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Sen. Mike Lee goes after ATF nominee’s ‘disdain’ for gun owners

Sen. Mike Lee, R-Utah, right, and Tom Cotton, R-Ark., listen in during a Senate Judiciary Committee hearing in Washington.
Sen. Mike Lee, R-Utah, right, and Tom Cotton, R-Ark., listen in during a Senate Judiciary Committee hearing on April 28, 2021 on Capitol Hill in Washington.
Tom Williams, Associated Press

Sen. Mike Lee went after the Biden administration nominee to head the Bureau of Alcohol, Tobacco, Firearms and Explosives over what the Utah Republican called a “troubling, flippant” attitude toward gun owners.

David Chipman, former ATF agent and gun control advocate, appeared before the Senate Judiciary Committee earlier this week in a sometimes contentious hearing.

Lee went after Chipman over his past statements on criminal background checks for gun purchasers and gun owners.

The senator took issue with this Chipman post on Reddit in 2019: “While at ATF I conducted studies involving people who failed background checks to determine how many later committed crimes with a gun — many did. This is a perfect opportunity to arrest people before committing crimes rather than responding after the fact.”

Lee said Wednesday he found the comment “very troubling,” especially for someone nominated to serve as ATF director.

Chipman, he said, compounded that with another statement in an interview last year with Cheddar News that showed a “certain degree of disdain” toward gun owners, and in particular new gun owners.

“In the interview, you openly mocked first-time gun owners saying they were more like Tiger King. Then advising them in quite a mockery to hide their gun ‘behind the cans of tuna and beef jerky they have stored in a cabinet and only bring that out if the zombies start to appear,’” Lee said quoting Chipman.

Lee said he watched the clip several times hoping that he was missing context, hoping there was something that would make it less troubling.

“It concerns me that you as the nominee to be the director of the ATF would have such a flippant and, if I may say, so utterly condescending attitude toward first-time gun owners in this country,” the senator said.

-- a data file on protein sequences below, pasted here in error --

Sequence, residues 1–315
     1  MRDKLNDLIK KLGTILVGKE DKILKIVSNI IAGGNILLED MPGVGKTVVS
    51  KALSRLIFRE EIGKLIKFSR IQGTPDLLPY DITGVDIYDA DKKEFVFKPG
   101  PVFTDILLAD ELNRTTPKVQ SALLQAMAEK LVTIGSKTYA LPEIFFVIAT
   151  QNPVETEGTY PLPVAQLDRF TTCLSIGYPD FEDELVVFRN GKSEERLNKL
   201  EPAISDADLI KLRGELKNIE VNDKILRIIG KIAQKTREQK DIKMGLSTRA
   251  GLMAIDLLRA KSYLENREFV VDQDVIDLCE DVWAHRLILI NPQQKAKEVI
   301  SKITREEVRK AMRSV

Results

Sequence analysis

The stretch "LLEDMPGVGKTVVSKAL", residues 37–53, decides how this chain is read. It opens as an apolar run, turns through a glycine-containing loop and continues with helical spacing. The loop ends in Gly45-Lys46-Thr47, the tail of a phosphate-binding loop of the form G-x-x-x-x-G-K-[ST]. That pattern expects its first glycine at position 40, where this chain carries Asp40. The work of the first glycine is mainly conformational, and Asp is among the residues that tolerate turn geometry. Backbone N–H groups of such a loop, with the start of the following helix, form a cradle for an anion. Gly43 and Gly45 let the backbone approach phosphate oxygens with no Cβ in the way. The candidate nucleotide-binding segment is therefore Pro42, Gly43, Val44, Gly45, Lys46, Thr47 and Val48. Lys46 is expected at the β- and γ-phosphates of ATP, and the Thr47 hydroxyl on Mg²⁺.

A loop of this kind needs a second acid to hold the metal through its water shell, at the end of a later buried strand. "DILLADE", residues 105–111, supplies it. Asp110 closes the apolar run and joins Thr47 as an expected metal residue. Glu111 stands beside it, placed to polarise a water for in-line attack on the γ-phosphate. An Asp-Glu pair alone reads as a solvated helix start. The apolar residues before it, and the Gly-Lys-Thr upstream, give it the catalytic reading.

Lee also cited a National Shooting Sports Foundation survey showing gun retailers reported that the highest percentage of increased sales in the first half of 2020 was among Black people. Sales to women, Hispanic and Asian Americans also increased, he said.

“Why would you choose to insult so many of your fellow Americans with a statement like this, based on the fact that they’ve purchased a gun?”

Chipman said his statements were misunderstood and taken out of context.

People who lie in an attempt to buy a gun commit a serious federal felony, he said, and he was suggesting agents could do research to determine if those people were more likely to later commit a violent crime.

“I do believe it would be ATF’s mission, that of prosecutors, to prosecute those people who committed a serious federal felony before striking again and killing someone,” he said.

In the Cheddar interview, Chipman said he was trying to use self-deprecating humor, and the person who had the gun stored behind the tuna and beef jerky was himself.

“I was saying that all of us were acting in new ways as a response to COVID,” he said, adding he was trying to say that people who bring guns into their homes should be properly trained. “I’m sorry for any confusion I may have made when trying to point out the fact that sometimes bringing a gun into your home if you’re untrained is a particularly dangerous thing to do.”

Lee and Chipman also tangled over a bill the senator is running to make it easier to buy silencers for guns. Chipman earlier said the law would only benefit gun lobbyists and criminals who want to kill people.